On Friday we aired a story of an Abbeville boy overcoming obstacles from a rare condition., affecting only 1 in 3,000 people.
Now, through the power of social media that story has connected Kyrell Briggs to another Acadiana family dealing with the same condition that affects joints in the body.
"Can you teach me how to draw," asked 8 year-old Kyrell.
He had never met another kid with Arthrogryposis, until Sunday.
He didn’t have many questions for 14 year old Deontea Henry, but one thing he was most excited for "the most exciting thing is that he drew all of this," said Kyrell through a big smile.
The boys bonded over drawing cartoons, while their parents shared similar stories of perseverance and encouragement.
"I can see my son in him like in some of the ways he moves and writes and stuff. It’s just a blessing to know someone is so close by who’s had the same struggles and learned how to adapt," said Kyrell’s mom, Victoria Briggs. "I think it’s more encouragement for Kyrell because he isn’t walking independently yet. So to see someone who is walking independently, it might help encourage him."
Sitting next to her, was Kellie Henry, Deontea’s mom, nodding as they realized the similarities.
"It is rare and you need that support. Nobody understands unless they’ve really been through it. So to have that in your life it helps a lot to go through the surgeries, the therapies and the tears that your whole family sheds," said Kellie.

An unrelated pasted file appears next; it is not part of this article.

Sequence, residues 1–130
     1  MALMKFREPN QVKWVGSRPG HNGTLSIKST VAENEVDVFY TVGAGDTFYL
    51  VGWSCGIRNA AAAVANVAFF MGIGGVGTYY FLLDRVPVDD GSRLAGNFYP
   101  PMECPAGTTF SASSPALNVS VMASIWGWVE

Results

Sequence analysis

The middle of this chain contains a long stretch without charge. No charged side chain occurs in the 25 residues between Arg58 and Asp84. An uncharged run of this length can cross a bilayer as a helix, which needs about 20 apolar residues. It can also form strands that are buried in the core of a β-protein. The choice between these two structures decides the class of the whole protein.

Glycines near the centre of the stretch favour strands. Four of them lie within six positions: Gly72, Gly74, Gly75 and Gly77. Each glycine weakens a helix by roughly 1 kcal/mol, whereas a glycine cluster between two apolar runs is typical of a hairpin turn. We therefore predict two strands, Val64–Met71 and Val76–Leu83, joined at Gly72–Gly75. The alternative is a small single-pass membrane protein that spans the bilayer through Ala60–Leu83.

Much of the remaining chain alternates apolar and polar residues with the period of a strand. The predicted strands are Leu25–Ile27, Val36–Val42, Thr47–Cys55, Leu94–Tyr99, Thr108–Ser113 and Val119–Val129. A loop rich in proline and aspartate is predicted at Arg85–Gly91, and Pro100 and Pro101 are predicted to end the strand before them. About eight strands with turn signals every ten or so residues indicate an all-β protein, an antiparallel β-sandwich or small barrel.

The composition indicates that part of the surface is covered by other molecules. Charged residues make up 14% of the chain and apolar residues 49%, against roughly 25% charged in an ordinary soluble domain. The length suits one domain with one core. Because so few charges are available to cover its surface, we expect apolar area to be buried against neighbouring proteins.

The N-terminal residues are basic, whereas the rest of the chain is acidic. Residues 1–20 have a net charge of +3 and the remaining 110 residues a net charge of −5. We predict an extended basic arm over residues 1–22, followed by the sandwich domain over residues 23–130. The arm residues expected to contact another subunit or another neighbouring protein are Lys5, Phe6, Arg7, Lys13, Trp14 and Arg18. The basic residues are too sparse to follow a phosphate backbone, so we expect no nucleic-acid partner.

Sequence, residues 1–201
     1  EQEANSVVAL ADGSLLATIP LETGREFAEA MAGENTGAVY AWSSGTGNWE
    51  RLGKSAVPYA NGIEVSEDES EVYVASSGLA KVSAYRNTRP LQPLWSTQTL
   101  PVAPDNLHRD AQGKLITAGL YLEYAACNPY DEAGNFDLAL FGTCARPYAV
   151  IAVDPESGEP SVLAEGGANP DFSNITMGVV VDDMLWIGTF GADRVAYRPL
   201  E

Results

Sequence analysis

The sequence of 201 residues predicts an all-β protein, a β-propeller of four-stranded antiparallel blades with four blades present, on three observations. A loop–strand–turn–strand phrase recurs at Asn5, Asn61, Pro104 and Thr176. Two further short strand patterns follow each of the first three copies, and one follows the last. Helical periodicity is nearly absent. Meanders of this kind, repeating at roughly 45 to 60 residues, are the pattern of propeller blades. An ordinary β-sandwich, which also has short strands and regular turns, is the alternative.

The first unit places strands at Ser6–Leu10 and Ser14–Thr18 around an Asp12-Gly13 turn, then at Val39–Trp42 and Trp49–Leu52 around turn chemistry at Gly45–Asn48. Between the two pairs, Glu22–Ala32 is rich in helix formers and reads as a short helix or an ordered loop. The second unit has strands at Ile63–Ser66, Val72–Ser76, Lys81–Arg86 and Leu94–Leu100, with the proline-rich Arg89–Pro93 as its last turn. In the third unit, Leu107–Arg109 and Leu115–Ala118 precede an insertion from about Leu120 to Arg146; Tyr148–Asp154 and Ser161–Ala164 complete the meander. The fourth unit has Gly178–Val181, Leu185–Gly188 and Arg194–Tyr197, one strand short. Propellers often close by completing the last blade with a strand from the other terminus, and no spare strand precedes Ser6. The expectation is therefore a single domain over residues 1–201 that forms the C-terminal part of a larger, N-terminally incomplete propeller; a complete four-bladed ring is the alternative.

For her, finding out about her son’s condition was not easy.
"[The doctor] told me that Deontea probably would not live and if he would live, he would be non-functioning, he would probably break bones trying to deliver him, I was too young to take on that responsibility. It was just reason after reason to abort and I just kept giving him reason after reason not to," Kellie said.
And that’s something Victoria Briggs could relate to.
"The morning following Kyrell’s birth, [the doctor] walked in and said just prepare for a funeral, just prepare because I don’t see him living longer than a month," said Kyrell’s mother.
Now the boys are standing tall together, cheering each other on and overcoming the obstacles thrown their way.
"And we let them know, they’re not different they just have a physical disability but it doesnt stop anything they want to do," said Victoria.